Let me make my position clear. I am not a conspiracy theorist. I do not believe that doctors, scientists and governments are intentionally and corruptly conspiring together, abusing their powers in pursuit of wealth, “Big Brother” and “Brave New World” just a step away. But rather, I do believe we are faced with a phenomenon that is largely of the unconscious kind.
What I believe is happening is that people, whether within the medico-pharmaceutical industry or outside it, are being subconsciously influenced by their deeply rooted myths, fears and superstitions which are now being projected onto the new screens of science and medicine. This produces an amazing paradox.
Although medicine sees itself as exclusively scientific and rational, with no room for spiritual or human dimensions (such as psychic healers, or shamans, who are dismissed as charlatans), it organizes itself and functions in a way that can be described as intrinsically religious. The paradox is that by rejecting any spiritual dimension medicine in fact becomes the toy of the forces and myths it tries to ignore and cannot control. Mere denial of something’s existence has never made it disappear, except perhaps in our consciousness, but instead, it is banished to our subconscious mind, where, beyond our control, it can roam free, wreak havoc, and wield even greater power.
We can see, then, that even though our society considers itself to be secular, it has remained as Christian as it was a century ago, but with two major differences. Firstly, our society is not aware of it. It believes itself to be rational, scientific, and free of superstition. It fails to recognise that it is still, in effect, observing the old religious rituals, but under a new guise. Secondly, our society now lives its religious experiences through secular forms – medical ones, in particular – and has at the same time transferred its hopes and aspirations from the spiritual world to the material.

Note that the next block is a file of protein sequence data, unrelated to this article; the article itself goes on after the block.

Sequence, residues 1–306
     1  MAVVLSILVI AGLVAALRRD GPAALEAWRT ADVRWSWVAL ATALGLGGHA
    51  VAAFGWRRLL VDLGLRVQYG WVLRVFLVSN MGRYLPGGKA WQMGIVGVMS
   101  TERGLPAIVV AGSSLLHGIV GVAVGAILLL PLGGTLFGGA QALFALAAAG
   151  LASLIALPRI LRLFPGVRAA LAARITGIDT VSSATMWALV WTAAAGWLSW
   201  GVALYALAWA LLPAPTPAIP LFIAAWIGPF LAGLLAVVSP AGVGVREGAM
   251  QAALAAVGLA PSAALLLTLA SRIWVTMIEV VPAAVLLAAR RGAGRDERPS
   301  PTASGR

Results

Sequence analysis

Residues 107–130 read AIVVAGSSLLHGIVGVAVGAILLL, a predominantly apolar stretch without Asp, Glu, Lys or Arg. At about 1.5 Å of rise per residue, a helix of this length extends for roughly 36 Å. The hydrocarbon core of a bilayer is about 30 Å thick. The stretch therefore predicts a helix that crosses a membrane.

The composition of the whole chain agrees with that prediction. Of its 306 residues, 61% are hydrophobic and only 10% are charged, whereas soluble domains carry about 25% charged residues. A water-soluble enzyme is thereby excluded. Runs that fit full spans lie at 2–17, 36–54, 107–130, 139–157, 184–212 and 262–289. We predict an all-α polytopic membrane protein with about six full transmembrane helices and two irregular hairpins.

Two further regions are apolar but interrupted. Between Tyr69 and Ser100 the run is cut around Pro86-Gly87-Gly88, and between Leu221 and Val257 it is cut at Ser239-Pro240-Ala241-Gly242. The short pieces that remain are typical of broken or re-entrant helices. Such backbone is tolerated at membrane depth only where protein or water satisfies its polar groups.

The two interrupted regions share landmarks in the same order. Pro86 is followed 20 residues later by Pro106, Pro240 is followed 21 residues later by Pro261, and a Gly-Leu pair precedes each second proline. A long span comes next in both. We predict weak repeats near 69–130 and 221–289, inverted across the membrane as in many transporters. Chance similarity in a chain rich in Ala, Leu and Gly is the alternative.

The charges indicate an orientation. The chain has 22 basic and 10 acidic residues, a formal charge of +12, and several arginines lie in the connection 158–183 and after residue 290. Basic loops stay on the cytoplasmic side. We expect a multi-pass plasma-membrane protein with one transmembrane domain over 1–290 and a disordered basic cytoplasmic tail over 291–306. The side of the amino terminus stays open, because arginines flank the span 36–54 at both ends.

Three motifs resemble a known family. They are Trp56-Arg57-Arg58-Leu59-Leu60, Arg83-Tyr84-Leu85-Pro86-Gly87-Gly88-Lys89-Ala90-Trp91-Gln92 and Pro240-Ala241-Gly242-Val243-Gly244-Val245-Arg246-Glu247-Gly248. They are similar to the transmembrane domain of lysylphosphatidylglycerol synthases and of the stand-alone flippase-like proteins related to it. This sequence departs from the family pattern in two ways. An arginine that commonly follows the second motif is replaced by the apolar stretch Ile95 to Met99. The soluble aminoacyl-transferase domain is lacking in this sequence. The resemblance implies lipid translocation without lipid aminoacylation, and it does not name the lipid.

Medicine, then, has become the new world religion. The specific myths, beliefs and rites of Christianity have been unconsciously projected over medicine since Pasteur. As I explain in detail in my book, we can establish a very close parallelism between the catholic religion and modern medicine, although, for lack of space, I cannot go into all the details of each comparison in this article. In brief:
– physicians have taken the place of priests;
– vaccination plays the same initiatory role as baptism, and is accompanied by the same threats and fears;
– the search for health has replaced the quest for salvation;
– the fight against disease has replaced the fight against sin;
– eradication of viruses has taken the place of exorcising demons;
– the hope of physical immortality (cloning, genetic engineering) has been substituted for the hope of eternal life;
– pills have replaced the sacrament of bread and wine;
– donations to cancer research take precedence over donations to the church;
– a hypothetical universal vaccine could save humanity from all its illnesses, as the Saviour has saved the world from all its sins;
– the medical power has become the government’s ally, as was the Catholic Church in the past;
– “charlatans” are persecuted today as “heretics” were yesterday;
– dogmatism rules out promising alternative medical theories;
– the same absence of individual responsibility is now found in medicine, as previously in the Christian religion;
– patients are alienated from their bodies, as sinners used to be from their souls.
People are still being manipulated by their fears and childish hopes. They are still told that the source of their problems is outside them, and that the solution can only come from the outside. They are not allowed to do anything by themselves and they must have the mediation of priest-physicians, the administration of drug-hosts, and the protection of vaccine-absolutions.